The cats. The three cats, whose home is the apartment below the guest house. They get breakfast and dinner served on three china saucers. If the weather is nice, they dine al fresco. If it’s raining, I set up an umbrella for them (kidding). I walk through their apartment, making sure they didn’t throw a big party while I was sleeping in the other house. A dead mouse greets me in their bedroom. I look out the door for Emma. I have changed my mind; I know exactly where she is supposed to be. It’s too late and she is nowhere to be found. I wish cats knew exactly how shitty it is to clean up a mouse that is laying on the carpet, its entire insides sitting about three inches from its corpse.
As I am holding the dearly departed rodent, the phone rings. My boss. Calls every morning at 9ish to check in. In Seattle today, needs me to cancel London hotel reservations and figure out why they are still getting charged electric for the condo that was sold months ago. I listen carefully, trying to ignore the soft, furry lump in my left hand that is threatening to leak through the paper towel I have it wrapped in. I get off the phone, give the mouse a ceremonial throw over the bluff and begin my search for Purell. I have forgotten my coffee on the porch and turn around to see the cat drinking it.
Back at the house, emails are starting to come in and the phone is still ringing. The guy that takes care of the Ferraris hurt his back and is on pain meds. He is asking me, again, to talk slower. I resist the urge to ask him if he could spare a Vicodin.
My shower is quick, made quicker by a three-inch wolf spider hanging out next to my shampoo, threatening to kill me at any moment. I ask Matt, who is working in the yard, to take care of it, insisting that while normally I am not “that” girl, being naked in a confined space with this spider has made me vulnerable. The look on his face is begging me to spare him the details.
Beds made, laundry started and the phone still ringing. I need to pick my five year old niece up, get her to my mom's and drop off the recycling on the way. Bills need to be paid, groceries bought and there is a mile high stack of mail to be sorted. The dryer just buzzed to tell me that there are clothes waiting to be folded. Then the oven timer chimes in to tell me that if I don't get my ass in the kitchen, the scones will be burnt to a crisp.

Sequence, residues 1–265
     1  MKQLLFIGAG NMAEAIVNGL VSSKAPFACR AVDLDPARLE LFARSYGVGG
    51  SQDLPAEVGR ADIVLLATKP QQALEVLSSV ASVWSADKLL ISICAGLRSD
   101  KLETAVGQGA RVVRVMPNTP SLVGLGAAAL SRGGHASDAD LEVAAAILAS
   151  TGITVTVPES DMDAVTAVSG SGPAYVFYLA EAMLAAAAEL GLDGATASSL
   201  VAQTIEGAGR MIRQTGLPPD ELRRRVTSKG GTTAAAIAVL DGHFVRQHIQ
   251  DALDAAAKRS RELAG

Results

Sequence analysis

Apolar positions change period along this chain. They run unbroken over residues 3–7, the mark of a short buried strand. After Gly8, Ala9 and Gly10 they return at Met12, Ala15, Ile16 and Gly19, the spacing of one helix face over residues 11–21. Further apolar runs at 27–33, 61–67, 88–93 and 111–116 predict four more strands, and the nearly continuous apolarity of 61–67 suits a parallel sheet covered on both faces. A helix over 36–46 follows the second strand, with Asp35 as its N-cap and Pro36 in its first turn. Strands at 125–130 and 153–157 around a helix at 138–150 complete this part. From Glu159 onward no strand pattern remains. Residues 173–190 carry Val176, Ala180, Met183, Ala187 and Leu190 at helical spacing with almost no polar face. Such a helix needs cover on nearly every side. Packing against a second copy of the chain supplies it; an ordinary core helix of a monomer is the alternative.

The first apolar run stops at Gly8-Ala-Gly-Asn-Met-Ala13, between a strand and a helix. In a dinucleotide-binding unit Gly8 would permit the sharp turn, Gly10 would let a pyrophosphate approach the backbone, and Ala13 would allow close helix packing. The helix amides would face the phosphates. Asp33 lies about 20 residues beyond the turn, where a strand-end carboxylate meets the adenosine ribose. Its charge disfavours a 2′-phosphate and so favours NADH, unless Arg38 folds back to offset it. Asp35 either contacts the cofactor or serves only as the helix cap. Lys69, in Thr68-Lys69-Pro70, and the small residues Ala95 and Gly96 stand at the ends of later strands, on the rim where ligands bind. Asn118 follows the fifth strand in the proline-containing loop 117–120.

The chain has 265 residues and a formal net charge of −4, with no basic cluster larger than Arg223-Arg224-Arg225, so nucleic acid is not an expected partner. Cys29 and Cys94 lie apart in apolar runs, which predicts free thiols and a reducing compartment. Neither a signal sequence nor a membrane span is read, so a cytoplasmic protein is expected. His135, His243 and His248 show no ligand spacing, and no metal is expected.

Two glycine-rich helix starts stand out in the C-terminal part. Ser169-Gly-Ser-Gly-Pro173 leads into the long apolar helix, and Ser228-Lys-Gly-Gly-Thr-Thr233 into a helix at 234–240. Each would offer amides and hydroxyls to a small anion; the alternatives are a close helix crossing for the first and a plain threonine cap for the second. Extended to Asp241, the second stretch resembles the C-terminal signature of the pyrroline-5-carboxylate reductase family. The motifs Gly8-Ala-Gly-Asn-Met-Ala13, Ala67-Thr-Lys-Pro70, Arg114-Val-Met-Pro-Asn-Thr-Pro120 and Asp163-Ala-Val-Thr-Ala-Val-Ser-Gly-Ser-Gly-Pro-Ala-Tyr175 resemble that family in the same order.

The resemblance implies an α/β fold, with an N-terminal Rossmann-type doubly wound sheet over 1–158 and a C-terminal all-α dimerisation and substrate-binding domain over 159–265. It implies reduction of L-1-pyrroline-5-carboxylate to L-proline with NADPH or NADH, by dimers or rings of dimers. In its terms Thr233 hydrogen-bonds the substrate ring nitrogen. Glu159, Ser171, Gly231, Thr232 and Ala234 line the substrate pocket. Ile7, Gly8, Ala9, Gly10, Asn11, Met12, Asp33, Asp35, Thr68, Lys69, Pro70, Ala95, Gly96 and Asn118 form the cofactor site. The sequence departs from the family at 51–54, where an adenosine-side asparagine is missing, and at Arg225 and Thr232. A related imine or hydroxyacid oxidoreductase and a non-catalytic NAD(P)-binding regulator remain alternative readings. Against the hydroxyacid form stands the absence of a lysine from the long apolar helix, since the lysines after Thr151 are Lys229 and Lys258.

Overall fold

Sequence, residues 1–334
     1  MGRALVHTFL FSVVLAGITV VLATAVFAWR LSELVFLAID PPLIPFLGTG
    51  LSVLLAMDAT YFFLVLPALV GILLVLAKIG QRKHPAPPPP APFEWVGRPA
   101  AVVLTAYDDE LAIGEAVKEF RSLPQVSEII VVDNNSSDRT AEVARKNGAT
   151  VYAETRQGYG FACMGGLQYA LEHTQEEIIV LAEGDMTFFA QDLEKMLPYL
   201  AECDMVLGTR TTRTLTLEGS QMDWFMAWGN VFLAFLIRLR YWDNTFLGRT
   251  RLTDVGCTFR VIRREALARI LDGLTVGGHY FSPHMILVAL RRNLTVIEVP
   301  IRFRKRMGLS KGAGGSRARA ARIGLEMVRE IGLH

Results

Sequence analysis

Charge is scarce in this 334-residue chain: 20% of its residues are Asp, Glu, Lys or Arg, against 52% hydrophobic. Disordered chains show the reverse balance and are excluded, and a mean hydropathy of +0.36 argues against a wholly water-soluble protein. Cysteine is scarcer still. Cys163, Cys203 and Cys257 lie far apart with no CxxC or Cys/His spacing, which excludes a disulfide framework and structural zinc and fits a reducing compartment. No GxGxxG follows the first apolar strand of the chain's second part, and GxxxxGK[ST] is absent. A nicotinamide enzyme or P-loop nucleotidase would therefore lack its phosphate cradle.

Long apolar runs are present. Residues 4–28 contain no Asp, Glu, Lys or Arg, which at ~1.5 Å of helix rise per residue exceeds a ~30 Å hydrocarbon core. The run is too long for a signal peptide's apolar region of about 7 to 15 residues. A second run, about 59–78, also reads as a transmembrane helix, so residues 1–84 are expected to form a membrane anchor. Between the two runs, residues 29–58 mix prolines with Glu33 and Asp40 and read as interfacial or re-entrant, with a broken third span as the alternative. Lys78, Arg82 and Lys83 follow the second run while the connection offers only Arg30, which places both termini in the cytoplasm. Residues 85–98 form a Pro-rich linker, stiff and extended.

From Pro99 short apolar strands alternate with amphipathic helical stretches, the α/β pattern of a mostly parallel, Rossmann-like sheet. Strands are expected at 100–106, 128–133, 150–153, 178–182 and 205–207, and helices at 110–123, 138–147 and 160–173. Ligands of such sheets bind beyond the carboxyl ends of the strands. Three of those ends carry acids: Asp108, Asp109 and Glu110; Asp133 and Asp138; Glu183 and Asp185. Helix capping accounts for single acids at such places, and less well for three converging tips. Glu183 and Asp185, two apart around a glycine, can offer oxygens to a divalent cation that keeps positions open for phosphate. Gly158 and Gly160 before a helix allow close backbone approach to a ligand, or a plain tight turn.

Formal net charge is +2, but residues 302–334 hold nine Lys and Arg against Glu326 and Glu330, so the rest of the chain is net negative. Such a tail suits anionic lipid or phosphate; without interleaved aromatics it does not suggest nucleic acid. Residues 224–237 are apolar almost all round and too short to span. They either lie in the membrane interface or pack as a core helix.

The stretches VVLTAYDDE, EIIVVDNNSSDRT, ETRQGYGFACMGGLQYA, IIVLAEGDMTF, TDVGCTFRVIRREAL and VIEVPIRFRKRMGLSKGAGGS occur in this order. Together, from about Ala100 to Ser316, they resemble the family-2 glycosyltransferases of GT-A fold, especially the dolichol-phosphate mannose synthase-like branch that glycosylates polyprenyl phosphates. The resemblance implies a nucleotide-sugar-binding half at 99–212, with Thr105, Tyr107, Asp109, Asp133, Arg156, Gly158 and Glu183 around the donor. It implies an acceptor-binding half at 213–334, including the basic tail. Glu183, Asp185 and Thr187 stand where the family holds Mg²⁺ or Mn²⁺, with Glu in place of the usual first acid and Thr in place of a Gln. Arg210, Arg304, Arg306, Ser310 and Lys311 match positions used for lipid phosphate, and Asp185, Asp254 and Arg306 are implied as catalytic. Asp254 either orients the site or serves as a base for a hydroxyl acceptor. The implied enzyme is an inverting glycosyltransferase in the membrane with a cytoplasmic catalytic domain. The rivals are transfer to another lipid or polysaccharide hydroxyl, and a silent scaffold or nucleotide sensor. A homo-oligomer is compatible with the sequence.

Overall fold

Out the door again, my bag slung over one shoulder, cell phone pinned between my chin and my other shoulder as I try to listen to a friend discuss the bridesmaid dresses for her upcoming Napa nuptials. Two screenplays fall out of my bag (my other job) and onto the wet driveway. I peel the pages carefully from the pavement and as I stand up, still listening to the details of the mauve dresses, there is a dry waller staring at me, waiting for a time frame for the coming week.
At the end of the day I watch the sun set over the Olympic Mountains. Everything is quiet and everything is checked off my list. Well, almost everything. I forgot to return my library books. I crumple into the oversized couch with a glass of red wine and press play. As the opening music for Weeds begins, I take a deep breath of contentment. I am actually pretty good at this. And what is “this”, exactly?
I am a housewife. Without a husband.
I am a lonely housewife living in a big house on the bluff. It’s an unconventional job, being an estate manager/house-wife-in-training/cat feeder/fire putter outer. But this is the dress rehearsal, and with every night that goes by, alone in this house, I can’t wait for the real thing. Instead of days filled with meaningless chores (and wishing there was a pool boy), I will be running a household and sharing a home with a man who is my best friend and partner. Now I just have to find him.